- Pushing and pulling a wagon or similar type object 10 feet.
- Riding a tricycle.
Fearless Four’s Fine Motor Skills include:
- Using a four-fingered grasp on hand tools such as large crayons or chalk.
- Stringing ½ inch beads.
- Completing simple puzzles, first those with peg handles and then moving on interlocking puzzles.
- Drawing simple designs using a circle or a square. Paint, chalk, or shaving cream are excellent mediums!
- Coloring a simple picture such as a house, an animal, or simple basic shapes.
- Cutting on a straight line. Remember: thumbs up for cutting!
- Picking up small objects or toys like paper clips or small pegs with finger tips.
Gross Motor Skills include:
- Walking down stairs using alternating feet.
- Balancing on each foot for 4-6 seconds.
- Completing a broad jump.
- Hopping 5 times on one foot.
Fabulous Five’s Fine Motor Skills include:
- Refining grasp (3 or 4 fingers) on tools such as pencils, crayons, or paintbrushes.
- Cutting more precisely with scissors using pictures or designs with more intricate details.
- Completing mazes and dot-to-dot activities.
- Playing target games such as bean bags or velcro toss.
- Using Magna Doodles, Etch-A-Sketch, or iPad apps for fine motor control.
Gross Motor Skills include:
- Walking on a straight line using heel-toe action. Try a balance beam or a line of tape on the floor!
- Balancing on each foot for 8-10 seconds.
- Catching a 9-inch ball with hands only.
- Jumping backwards 6 times. Try jumping rope!
- Hopping on one foot 2-3 yards.
- Skipping with alternating feet.
- Hanging from bars using an overhand grip for 5 seconds.
- Running and avoiding objects on an obstacle course.
Sensational Sixes’ Fine Motor Skills include:
- Using a mature 3-fingered grasp for tool use on pencils or crayons.
- Picking up and sorting small objects, such as coins, pegs, or marbles.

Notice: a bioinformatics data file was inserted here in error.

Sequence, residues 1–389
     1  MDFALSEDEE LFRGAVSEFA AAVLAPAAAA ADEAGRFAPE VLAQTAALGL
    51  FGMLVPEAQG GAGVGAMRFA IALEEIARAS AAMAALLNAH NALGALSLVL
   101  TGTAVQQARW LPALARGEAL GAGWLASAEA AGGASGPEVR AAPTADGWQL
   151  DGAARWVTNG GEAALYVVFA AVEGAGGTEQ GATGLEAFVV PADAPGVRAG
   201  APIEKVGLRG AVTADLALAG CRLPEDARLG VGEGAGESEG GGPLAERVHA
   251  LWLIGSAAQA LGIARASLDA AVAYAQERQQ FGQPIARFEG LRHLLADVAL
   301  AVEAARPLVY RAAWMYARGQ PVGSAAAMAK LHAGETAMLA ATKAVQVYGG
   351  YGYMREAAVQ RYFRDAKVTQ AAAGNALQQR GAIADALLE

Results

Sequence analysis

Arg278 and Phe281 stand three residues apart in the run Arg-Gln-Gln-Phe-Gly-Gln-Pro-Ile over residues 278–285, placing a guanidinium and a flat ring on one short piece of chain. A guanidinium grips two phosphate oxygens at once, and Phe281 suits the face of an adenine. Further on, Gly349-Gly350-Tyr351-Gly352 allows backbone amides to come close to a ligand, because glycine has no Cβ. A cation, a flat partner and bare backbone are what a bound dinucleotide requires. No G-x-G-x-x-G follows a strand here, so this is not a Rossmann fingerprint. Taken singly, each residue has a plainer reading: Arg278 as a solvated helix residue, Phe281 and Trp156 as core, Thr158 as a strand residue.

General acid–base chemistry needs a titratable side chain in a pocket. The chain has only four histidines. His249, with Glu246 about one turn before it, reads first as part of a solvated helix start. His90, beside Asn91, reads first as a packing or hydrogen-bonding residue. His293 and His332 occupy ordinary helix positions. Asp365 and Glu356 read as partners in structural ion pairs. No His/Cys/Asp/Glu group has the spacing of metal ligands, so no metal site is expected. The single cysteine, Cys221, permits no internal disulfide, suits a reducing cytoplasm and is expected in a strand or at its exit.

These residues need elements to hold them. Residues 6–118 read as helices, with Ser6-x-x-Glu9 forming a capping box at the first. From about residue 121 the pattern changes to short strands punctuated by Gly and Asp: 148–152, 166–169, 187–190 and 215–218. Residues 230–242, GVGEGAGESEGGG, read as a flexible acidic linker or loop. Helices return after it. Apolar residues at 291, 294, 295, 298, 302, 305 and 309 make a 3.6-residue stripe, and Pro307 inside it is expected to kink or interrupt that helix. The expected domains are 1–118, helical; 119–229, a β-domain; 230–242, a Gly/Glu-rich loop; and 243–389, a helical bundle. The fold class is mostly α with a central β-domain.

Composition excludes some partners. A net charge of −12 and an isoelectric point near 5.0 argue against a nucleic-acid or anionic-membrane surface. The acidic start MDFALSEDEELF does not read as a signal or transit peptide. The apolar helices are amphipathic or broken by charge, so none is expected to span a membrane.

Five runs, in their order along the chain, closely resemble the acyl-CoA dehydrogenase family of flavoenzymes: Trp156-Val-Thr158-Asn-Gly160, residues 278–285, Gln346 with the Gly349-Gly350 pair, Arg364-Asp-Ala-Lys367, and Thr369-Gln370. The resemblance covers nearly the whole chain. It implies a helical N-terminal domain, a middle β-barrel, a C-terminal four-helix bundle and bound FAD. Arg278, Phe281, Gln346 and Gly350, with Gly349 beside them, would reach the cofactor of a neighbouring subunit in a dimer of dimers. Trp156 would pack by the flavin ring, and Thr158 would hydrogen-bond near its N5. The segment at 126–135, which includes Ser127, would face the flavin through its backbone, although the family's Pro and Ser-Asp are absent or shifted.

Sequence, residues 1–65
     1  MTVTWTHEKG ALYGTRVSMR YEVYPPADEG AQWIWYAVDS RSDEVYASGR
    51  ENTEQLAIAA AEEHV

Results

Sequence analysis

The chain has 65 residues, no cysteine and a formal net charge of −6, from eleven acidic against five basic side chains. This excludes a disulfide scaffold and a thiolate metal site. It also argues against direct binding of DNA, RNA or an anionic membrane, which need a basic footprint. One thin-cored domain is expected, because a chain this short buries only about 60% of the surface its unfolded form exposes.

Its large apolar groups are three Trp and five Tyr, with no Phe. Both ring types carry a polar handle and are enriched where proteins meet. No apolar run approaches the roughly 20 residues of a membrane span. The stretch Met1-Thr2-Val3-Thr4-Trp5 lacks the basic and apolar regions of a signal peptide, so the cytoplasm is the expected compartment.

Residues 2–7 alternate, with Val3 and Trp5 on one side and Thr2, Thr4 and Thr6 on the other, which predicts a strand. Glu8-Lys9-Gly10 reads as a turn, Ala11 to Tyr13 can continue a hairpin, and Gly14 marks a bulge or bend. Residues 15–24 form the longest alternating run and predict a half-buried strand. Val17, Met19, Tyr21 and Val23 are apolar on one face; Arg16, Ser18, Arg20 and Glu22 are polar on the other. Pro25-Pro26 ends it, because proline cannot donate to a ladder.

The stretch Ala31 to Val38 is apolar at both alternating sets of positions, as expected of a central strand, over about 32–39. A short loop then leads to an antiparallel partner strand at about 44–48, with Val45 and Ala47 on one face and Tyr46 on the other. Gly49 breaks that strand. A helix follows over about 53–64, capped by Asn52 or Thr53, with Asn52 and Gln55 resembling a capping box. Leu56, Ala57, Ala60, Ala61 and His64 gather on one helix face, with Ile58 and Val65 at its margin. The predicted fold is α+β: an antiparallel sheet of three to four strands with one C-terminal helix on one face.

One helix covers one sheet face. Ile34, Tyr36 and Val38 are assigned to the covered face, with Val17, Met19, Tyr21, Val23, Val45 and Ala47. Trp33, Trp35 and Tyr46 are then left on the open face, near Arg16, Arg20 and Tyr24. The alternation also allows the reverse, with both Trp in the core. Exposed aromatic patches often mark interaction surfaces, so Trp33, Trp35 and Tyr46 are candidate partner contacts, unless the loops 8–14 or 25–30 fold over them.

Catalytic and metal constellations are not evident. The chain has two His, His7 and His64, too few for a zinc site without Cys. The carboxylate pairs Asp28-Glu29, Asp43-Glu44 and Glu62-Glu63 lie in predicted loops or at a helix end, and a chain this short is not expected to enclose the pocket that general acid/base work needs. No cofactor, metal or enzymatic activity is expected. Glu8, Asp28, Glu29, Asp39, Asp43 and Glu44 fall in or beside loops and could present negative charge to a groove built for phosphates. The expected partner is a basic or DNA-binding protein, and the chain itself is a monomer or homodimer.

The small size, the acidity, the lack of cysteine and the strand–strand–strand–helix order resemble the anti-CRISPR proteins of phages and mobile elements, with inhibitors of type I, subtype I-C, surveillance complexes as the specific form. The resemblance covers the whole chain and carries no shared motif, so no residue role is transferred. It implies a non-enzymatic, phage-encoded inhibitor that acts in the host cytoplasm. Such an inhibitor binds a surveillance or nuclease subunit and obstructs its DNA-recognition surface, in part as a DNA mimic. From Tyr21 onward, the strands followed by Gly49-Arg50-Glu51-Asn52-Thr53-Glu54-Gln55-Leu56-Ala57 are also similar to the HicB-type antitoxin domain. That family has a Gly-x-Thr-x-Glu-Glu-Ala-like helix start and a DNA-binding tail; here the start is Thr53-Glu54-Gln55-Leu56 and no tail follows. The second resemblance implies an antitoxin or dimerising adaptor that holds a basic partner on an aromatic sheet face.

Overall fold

- Using tweezers to pick up objects such as small blocks or play dough balls.
- Using a paper punch to make designs and pictures.
- Snapping fingers.
- Using squeeze bottles to create art. Try colored water on the snow or driveway.
- Sorting and turning over playing cards.
Gross Motor Skills Include:
- Completing one full sit up and one push up. Family work out time!
- Carrying objects down stairs.
- Beginning to ride a 2-wheeler with training wheels.
- Learning to swim.
- Throwing and catching softball-sized balls.
- Climbing trees, pumping high on swings, crossing monkey bars, or participating in acrobatics or gymnastics.
Understanding each developmental stage will help you as a parent to support your child’s learning. When you know what your child is capable of and what is developmentally appropriate, you can set realistic expectations for skills and behaviors. If you are concerned about your child’s development, please consult with your healthcare provider for additional supports and services. Your local school system can assist with services once your child turns 3 years old.
Marie L. Toole, MS, OTR/ L, is a pediatric occupational therapist with 28 years experience in NICU, Early Intervention, and private practice with the last 20 years spent working in public schools. She is NBCOT and SIPT certified as well as a member of AOTA and NHOTA. She lives in southern New Hampshire and can be reached at email@example.com. Follow her on Twitter @MarieTooleOTNH, on Pinterest marietooleNHOT, and on School Tools for Pediatric Occupational Therapists where she tweets, pins, and posts about OT, education, autism, and sensory integration, as well as other school related topics.
Disclaimer: The information shared on the Go-To-For-OT Blog or affiliated Twitter, Facebook, or Pinterest sites, and shared on social or public media or as links on other sites is for general informational purposes only and should not be relied upon as a substitute for sound professional medical advice or evaluation and care from your physician/medical team or any other qualified health care providers. Therefore, the authors and administrator of these posts take no responsibility for any liability, loss, or risk taken by individuals as a result of applying the ideas or resources. Photos are the property of the authors and administrator and are not to be used in any fashion except as links to the appropriate blog without the expressed, written permission of the author and/or administrator.